This came as a disappointment to the group as the original bills approved by the full Senate and by the House Agriculture Committee included the measure, which promoted a combination of supply management and margin insurance.
“These stop-gap efforts don’t even qualify as kicking the can down the road. It’s little more than a New Year’s Day, hair-of-the-dog stab at temporarily putting off decisions that should have been made in 2012 about how to move farm policy forward, not offer more of the same,” he said.
NMPF has no plans of backing down in 2013. Kozak said that dairy farmers will reiterate the value of the Dairy Security Act as the Senate and House Agriculture Committees convene to draw out a full, five-year farm bill. “We need to spend the coming months figuring out how to move farm policy forward,” he said. “The renewal of current programs doesn’t offer dairy farmers a meaningful safety net.”
On the home front, Wisconsin Farm Bureau Federation (WFBF) President Jim Holte called last week’s negotiations a “lost opportunity for true farm policy reform.”
“We are disappointed that Congress did not agree on a new five-year farm bill that would have provided true reform to federal crop and dairy programs and enhanced risk management tools,” he said.
However, he acknowledged that the extension of the 2008 farm bill relieves some uncertainty for producers as they make their plans for 2013.
“In lieu of extensive dairy reform, Wisconsin dairy farmers appreciate having this safety mechanism back in place,” Holte stated.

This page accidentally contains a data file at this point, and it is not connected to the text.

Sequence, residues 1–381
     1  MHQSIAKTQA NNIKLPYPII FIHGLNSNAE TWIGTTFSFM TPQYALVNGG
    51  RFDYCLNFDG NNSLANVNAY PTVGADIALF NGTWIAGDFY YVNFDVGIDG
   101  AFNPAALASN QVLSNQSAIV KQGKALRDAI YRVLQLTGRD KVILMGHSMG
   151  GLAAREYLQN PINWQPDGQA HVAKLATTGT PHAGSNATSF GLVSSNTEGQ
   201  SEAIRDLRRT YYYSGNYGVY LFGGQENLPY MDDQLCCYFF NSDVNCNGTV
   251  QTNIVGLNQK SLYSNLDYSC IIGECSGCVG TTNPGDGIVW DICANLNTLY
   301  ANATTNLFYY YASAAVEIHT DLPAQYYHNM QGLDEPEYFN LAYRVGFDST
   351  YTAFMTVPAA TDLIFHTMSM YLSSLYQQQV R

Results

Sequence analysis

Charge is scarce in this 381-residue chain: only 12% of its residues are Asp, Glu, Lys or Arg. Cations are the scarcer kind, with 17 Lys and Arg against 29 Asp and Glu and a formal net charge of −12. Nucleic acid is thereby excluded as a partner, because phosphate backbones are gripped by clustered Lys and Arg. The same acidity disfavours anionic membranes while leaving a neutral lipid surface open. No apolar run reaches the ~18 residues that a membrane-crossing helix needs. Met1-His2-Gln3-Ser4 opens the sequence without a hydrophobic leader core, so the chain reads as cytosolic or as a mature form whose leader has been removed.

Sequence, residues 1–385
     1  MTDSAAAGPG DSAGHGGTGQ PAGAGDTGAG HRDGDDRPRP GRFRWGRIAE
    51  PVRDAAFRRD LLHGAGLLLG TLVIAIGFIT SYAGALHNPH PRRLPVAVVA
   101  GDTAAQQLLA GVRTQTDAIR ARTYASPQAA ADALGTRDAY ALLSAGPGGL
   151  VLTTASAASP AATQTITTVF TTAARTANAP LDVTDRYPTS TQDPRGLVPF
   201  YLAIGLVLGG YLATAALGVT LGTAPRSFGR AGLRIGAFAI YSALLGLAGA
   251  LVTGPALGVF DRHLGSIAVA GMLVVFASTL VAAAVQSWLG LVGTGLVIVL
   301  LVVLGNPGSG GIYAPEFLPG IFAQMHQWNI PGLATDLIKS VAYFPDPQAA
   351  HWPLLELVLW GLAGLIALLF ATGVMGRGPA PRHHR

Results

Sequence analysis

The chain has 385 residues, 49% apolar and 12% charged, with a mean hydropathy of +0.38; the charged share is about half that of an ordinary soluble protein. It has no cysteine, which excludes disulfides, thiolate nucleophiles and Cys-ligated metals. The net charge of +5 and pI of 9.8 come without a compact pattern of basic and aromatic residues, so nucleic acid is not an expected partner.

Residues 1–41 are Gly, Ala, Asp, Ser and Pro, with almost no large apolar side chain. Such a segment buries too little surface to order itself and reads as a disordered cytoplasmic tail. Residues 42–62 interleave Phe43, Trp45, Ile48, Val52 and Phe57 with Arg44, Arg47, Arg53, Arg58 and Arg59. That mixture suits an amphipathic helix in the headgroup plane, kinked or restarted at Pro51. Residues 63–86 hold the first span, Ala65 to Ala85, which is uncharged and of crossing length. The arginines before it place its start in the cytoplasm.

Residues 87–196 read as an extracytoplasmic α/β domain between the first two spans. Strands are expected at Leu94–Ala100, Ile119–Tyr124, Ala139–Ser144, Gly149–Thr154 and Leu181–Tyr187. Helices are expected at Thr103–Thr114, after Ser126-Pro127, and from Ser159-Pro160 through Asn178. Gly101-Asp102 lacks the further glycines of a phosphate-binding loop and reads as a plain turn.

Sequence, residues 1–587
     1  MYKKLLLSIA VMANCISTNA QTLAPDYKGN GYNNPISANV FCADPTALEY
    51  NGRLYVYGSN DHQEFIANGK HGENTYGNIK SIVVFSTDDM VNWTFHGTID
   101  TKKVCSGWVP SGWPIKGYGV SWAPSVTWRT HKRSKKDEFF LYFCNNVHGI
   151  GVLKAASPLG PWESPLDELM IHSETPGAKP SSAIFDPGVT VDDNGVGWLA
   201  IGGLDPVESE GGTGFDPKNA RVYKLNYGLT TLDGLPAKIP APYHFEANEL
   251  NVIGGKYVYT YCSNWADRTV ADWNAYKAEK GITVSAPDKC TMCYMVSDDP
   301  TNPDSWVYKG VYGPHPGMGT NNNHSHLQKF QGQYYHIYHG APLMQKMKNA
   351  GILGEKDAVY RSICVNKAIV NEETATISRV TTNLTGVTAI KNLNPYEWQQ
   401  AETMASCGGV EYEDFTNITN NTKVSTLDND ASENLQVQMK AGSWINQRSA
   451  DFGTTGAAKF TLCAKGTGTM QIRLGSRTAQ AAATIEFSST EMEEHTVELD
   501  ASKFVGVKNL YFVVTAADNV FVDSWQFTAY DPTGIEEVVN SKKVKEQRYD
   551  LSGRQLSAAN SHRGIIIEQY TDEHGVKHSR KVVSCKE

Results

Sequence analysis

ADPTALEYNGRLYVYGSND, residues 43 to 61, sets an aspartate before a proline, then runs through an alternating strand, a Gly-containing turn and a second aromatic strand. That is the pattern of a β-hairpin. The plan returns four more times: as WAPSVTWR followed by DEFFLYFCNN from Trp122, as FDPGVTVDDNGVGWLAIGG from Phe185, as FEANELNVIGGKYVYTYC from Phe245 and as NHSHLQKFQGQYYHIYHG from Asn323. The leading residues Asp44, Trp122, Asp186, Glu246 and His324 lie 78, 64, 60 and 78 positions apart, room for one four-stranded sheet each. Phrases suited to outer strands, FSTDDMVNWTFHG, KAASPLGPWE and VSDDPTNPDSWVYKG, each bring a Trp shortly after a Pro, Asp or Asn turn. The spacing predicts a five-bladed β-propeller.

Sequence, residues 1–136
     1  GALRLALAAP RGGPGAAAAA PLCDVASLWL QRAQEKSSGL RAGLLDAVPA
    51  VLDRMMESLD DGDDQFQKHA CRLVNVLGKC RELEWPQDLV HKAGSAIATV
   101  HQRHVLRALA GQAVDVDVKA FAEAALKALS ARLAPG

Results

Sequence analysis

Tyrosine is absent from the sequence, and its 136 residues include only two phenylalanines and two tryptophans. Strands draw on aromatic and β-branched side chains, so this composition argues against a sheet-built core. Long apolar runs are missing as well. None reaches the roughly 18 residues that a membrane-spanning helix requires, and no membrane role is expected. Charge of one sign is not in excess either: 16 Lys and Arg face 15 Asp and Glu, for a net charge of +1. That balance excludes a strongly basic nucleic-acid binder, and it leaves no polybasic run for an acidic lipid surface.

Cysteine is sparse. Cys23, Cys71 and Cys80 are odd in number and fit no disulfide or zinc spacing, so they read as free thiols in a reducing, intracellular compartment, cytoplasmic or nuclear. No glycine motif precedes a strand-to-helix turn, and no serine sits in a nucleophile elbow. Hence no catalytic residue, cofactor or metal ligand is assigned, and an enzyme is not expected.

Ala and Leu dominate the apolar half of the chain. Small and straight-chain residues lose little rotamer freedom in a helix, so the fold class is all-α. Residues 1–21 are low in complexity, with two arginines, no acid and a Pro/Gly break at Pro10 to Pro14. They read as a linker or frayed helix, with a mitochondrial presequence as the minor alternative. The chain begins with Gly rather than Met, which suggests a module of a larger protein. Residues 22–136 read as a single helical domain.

Agriculture Secretary Tom Vilsack made known his disappointment in his Washington peers, specifically citing implications on the dairy industry.
“I am pleased that Congress passed needed middle class tax relief and continued unemployment insurance protection for 2 million unemployed Americans. However, while I am relieved that the agreement reached prevents a spike in the price of dairy and other commodities, I am disappointed Congress has been unable to pass a multi-year reauthorization of the Food, Farm and Jobs bill to give rural America the long-term certainty they need and deserve. I will continue to work with Congress to encourage passage of a reauthorized bill that includes a strong and defensible safety net for producers, expanded rural economic opportunity in the new bio-based economy, significant support for conserving our natural resources, increased commitment to important research, and support for safe and nutritious food for all Americans.”
Mark Stephenson, Director of Dairy Policy Analysis at UW-Madison, says U.S. Sen. Patrick Leahy (D-Vermont) “drove to the hoop... to insist that a change be made in the package to extend the MILC program using the pre-September 2012 program parameters. Without Leahy’s intervention, the MILC program would have been extended at the lower, post-Sept. 1 rates.”
Says Stephenson, “The bottom line is that life will continue much as we know it... The unfortunate thing is that we face another year of contentious debate on dairy provisions and other aspects of the farm bill.”